Complexity theory helps better understand how economies (ecosystems) develop. First, companies often find themselves in a state of fundamental uncertainty. In these circumstances, problems are ill-defined, forcing companies to explore and continually alter their behaviour and strategies in reaction to the outcomes they co-create. Managers cannot solve these problems rationally but need to develop an understanding of the undefined situation in a complex environment and position themselves accordingly.
Second, complexity economics contributes to understanding the behaviour of companies. The aggregation of behaviour creates a pattern to which companies adapt. For example, companies constantly adjust their buying decisions, prices, and predictions to the situation that these decisions, prices, or predictions create. A continually changing environment compels companies to deviate from what has worked in the past, venture into uncharted waters, and act outside of calculus.5Kim B. Clark, ‘The Interaction of Design Hierarchies And Market Concepts In Technological Evolution’ (1985) 14/5 Research Policy; W. Brian Arthur, ‘Complexity and the economy’ (1999) 284 Science.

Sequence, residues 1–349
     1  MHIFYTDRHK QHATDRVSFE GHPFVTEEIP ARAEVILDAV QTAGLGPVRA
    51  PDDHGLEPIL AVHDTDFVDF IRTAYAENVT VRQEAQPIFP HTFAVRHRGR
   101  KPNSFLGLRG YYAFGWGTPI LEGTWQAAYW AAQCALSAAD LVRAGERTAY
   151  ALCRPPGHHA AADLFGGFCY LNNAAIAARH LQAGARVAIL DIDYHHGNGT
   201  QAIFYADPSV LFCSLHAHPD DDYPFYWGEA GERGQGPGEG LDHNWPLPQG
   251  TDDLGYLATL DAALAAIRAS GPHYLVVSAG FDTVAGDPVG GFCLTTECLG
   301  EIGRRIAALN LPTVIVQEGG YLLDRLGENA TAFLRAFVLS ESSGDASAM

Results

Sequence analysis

The last source dynamic competition draws from is strategic management theories, specifically, resource-based theory. The resource-based theory attributes a competitive advantage to the companies with a set of valuable, not easily duplicated, and appropriable resources. Resource-based theory underscores that market winners, in addition, often show strong dynamic capabilities. Dynamic capabilities are the firm-specific skills that companies themselves need to build, maintain, and improve, and cannot be bought or taught. Hence, these capabilities provide a source of differentiation that allows companies to achieve a competitive advantage in highly competitive environments.6David J. Teece, Gary Pisano, and Amy Shuen, ‘Dynamic Capabilities and Strategic Management’ (1997) 18 Strategic Management Journal; David J. Teece, ‘Explicating Dynamic Capabilities: The Nature and Microfoundations of (Sustainable) Enterprise Performance’ (2007) 28 Strategic Management Journal; David J. Teece, ‘The foundations of enterprise performance: dynamic and ordinary capabilities in an (economic) theory of firms’ (2014) 28/4 Academy of Management Perspectives. Resource-based theory thus highlights the importance of companies’ management.7David J. Teece, ‘Dynamic Capabilities and Entrepreneurial Management in Large Organizations: Toward a Theory of the (Entrepreneurial) Firm’ (2016) 86C European Economic Review.